JOURNAL ARTICLE
RESEARCH SUPPORT, N.I.H., EXTRAMURAL
REVIEW
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Neuromotor Rehabilitation Interventions After Pediatric Stroke: A Focused Review.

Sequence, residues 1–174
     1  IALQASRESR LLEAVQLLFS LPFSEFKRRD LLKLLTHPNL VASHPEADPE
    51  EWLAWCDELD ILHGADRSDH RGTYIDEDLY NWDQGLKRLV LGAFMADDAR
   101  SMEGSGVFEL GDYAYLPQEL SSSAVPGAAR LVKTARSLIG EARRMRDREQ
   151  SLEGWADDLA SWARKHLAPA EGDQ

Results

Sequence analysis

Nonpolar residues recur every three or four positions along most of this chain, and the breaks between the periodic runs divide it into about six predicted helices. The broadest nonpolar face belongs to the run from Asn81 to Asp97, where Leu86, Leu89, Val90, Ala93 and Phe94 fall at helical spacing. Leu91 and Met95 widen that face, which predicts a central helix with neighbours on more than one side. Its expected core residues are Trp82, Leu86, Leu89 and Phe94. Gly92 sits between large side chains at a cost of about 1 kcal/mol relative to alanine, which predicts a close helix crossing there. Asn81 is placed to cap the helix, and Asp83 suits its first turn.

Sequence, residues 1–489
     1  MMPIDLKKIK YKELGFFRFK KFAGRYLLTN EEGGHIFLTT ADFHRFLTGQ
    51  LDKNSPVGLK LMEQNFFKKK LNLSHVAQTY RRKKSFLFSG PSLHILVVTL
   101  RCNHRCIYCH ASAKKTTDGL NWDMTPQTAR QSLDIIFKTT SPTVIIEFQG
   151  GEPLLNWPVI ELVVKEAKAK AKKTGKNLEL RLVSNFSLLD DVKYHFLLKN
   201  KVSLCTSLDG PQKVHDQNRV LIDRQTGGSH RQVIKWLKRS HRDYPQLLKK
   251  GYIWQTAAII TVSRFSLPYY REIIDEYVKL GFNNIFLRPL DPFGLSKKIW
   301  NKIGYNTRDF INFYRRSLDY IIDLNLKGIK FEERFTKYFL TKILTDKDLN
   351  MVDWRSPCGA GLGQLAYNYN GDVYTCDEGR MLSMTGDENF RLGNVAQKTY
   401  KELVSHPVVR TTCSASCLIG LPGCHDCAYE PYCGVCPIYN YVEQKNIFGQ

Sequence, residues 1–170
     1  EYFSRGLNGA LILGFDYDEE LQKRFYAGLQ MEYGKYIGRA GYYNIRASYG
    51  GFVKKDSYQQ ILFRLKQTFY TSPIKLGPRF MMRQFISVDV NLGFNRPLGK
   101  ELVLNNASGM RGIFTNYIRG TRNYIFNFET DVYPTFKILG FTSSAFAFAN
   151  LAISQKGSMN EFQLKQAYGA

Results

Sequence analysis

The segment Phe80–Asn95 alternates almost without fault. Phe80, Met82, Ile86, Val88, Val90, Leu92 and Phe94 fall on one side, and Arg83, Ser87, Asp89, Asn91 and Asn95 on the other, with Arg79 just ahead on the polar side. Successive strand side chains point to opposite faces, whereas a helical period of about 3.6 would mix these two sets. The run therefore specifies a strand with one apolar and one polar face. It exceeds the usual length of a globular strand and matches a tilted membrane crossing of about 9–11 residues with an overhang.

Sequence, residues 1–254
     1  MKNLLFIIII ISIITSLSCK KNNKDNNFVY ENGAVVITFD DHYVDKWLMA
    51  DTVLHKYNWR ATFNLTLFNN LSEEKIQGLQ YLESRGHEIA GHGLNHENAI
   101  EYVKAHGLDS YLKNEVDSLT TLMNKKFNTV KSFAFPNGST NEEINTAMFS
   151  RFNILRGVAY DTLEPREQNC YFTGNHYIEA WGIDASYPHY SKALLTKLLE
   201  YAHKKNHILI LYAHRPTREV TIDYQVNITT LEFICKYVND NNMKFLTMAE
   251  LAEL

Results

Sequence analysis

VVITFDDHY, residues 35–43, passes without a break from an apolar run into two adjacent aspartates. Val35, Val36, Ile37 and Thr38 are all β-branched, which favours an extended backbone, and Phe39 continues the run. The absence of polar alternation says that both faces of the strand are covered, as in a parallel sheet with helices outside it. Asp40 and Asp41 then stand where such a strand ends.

Pediatric stroke is a condition that often results in life-long motor, cognitive, or sensory deficits for children. The purpose of this focused review is to compile the most recent literature on pediatric stroke neuromotor interventions and summarize evidence for use by rehabilitation providers and researchers. Terms including stroke, pediatric, and neuromotor were searched with appropriate MeSH terms. Information was collected regarding interventions conducted and outcome measures used for each article. Interventions and outcome measures were organized based on ICF components (Body Structure and Function, Activity, Participation, and Environmental Factors). 16 articles were included after full-text screens. From these 16 articles, a large majority of them included some form of neuromodulation as a part of intervention. Results identified a potentially problematic gap between domains addressed by interventions and measured by outcomes, with a need to include more expansive outcome measures in research studies. There are several areas of potential growth in pediatric stroke literature. Research studies should be precise when describing included samples. As interventions for pediatric stroke shift toward neuromodulation and other neurologic treatments, there is a need for well-defined populations, both clinically in the community as well as in research studies. There is also a need for US guidelines for rehabilitation after pediatric stroke. Overall, the trend in the literature seems to suggest that combining some form of neuromodulatory technique with existing recommended rehabilitation technique (ex: CIMT) may promote overall recovery for children after stroke, though further research is needed.

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